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After a basic course in biology, we can build up a tentative image of the biological reactions that happen in our bodies after death. Caroline Roberts pointed out for CNET that a sad but real-life truth is that we will all be there — six feet under or burnt to ashes. Funerals are noted by sad, dark colors everywhere; your loved ones will look into the grave with bitter tears on their eyes. When the service is over, cemetery workers will bury you with a shovel or machine, filling in another pit. 

Such burials leave heavy pressures hanging over us and not a feeling of relief. Shouldn’t the process offer release and not drag us down?

Sometimes, stepping aside from traditions is not a regression but a definite move forward. Take a look at natural burials. They are simple and that’s all. People put the remains of the body into the ground without any technological help, coffins, or embalming fluid. The dead person’s family and friends dig the hole in the ground by hand. This kind of burial takes us back to the very beginning, showing us that how it happened before is the right way.

 

Look at death as something new

“We’ve handed the death process over to professionals because we think we can’t handle it.”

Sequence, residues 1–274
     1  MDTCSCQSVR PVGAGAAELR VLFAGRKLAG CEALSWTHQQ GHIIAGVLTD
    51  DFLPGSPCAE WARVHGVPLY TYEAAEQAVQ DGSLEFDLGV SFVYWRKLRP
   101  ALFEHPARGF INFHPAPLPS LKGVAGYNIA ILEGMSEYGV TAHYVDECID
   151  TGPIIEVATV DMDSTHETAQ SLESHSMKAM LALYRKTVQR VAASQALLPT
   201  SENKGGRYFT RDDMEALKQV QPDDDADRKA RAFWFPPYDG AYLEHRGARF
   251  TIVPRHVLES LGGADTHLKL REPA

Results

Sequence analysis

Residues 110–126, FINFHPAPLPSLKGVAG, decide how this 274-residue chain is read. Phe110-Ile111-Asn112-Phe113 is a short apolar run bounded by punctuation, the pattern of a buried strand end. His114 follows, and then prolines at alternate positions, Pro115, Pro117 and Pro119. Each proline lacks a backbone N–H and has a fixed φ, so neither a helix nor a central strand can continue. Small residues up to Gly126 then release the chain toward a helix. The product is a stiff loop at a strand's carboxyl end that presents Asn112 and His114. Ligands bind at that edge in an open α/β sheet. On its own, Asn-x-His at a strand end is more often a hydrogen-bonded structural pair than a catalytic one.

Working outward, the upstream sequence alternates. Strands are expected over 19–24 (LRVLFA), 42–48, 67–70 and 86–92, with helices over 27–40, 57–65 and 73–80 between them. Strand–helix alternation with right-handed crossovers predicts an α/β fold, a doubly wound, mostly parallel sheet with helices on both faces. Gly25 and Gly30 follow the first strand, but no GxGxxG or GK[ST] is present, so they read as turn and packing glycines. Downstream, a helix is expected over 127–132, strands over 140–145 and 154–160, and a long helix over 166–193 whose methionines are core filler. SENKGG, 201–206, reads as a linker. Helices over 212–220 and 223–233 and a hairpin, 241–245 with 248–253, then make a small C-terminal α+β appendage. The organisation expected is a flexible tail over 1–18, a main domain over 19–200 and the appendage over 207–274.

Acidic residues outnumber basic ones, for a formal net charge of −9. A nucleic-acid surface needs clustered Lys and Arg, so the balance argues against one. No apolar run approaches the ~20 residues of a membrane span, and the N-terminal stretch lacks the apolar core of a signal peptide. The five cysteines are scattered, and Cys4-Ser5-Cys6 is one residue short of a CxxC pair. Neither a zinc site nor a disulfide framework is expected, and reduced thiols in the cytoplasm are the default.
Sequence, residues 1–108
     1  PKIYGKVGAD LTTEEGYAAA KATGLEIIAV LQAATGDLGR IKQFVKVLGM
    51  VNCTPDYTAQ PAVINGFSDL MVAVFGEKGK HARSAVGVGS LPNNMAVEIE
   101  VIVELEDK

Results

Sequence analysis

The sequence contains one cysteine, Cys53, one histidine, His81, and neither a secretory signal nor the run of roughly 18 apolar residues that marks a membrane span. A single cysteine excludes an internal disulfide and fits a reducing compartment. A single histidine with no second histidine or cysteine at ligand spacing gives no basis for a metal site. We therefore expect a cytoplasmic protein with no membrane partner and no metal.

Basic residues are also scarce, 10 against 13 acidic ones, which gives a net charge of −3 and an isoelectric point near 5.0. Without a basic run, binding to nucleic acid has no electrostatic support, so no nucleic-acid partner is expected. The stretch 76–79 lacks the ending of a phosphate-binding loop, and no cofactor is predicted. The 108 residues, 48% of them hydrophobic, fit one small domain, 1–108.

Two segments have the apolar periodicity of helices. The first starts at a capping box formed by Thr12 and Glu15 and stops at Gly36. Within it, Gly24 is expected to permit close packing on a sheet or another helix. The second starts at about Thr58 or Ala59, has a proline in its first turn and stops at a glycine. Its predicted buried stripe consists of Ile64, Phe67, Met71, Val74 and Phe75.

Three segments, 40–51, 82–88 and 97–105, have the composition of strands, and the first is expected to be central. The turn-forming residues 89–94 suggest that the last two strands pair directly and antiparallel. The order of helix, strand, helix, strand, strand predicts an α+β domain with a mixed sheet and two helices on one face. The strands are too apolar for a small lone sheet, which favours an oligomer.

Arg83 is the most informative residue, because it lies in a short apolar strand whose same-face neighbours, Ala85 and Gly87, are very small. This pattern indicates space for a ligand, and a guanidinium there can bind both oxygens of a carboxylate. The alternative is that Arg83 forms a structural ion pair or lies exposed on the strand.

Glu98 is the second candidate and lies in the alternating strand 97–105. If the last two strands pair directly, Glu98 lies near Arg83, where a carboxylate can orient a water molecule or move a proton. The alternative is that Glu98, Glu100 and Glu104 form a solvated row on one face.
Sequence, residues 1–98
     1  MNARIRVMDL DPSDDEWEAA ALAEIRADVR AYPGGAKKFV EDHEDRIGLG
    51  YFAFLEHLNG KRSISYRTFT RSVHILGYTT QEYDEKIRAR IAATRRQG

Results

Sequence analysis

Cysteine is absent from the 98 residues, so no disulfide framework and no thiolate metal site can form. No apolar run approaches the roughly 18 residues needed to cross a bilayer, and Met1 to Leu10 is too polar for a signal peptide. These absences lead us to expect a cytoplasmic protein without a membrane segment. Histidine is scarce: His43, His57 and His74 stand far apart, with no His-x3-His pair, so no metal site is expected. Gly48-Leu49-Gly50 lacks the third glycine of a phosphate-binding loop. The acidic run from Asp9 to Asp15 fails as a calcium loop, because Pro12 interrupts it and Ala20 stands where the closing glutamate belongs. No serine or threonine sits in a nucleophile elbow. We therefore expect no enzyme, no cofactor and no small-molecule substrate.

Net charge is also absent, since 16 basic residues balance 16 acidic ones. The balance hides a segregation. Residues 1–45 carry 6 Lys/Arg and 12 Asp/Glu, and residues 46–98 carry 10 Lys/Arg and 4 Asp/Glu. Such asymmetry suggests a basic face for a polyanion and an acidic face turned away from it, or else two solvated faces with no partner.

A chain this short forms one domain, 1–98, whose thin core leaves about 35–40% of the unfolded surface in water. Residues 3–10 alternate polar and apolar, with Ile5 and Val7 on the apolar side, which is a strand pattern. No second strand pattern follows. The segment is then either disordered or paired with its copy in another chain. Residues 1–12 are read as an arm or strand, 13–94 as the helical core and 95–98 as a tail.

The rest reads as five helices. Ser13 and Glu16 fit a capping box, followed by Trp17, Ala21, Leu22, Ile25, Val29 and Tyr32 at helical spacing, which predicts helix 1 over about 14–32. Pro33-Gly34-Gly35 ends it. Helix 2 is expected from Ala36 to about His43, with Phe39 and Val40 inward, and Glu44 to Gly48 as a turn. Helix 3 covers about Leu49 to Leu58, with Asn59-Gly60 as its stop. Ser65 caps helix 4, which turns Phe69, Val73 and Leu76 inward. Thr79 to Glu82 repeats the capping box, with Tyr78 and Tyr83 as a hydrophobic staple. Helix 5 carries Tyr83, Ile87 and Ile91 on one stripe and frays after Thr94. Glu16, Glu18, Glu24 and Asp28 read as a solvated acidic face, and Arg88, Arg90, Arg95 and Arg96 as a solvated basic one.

That’s Cassie Barrett’s take on death. She’s a worker for the Carolina Memorial Sanctuary, a conservation and green cemetery in the Asheville area of North Carolina. She points out that death as a notion became a thing nobody wants to talk about in a time when news media space is fulfilled with violence and various kind of cruelty.

Barrett says that the commercial hand has touched the process of dying too, making it impersonal and blank. There’s a standard funeral kit for each death: sterile hospitals, an expensive coffin, lots of flowers, and other extra services. The price tag for an average funeral is £4,271 for the UK and $6,000 for the US. It’s common for family to not be able to afford such sums.

When burials are arranged and all the papers are signed it’s time for the service. Here is the other point of contention; that family members can’t make their contribution during the traditional process. It’s rare for cemeteries to allow people to do it by themselves, it’s much more common to have a digging machine do its job. Which seems to be normal, not only for traditional funerals but also for a cremation of a loved one.

People who are acquainted with the concept of natural burials tend to overthink their previous vision of the death process. Barrett explains that people are involved to interact with the burial, to carry the dead body, lower the body down, and shovel the dirt on the top. It’s a moment of acceptance, for the situation and of yourself.

Last words

Traditional burials and cremation processes concede to natural burials in a psychological way, where sometimes it’s better to stand there a few more minutes. Traditionally, when a body is under the ground, the only thing you continue to say is “Goodbye” and the feeling of tension reduces with the fuss around the grave.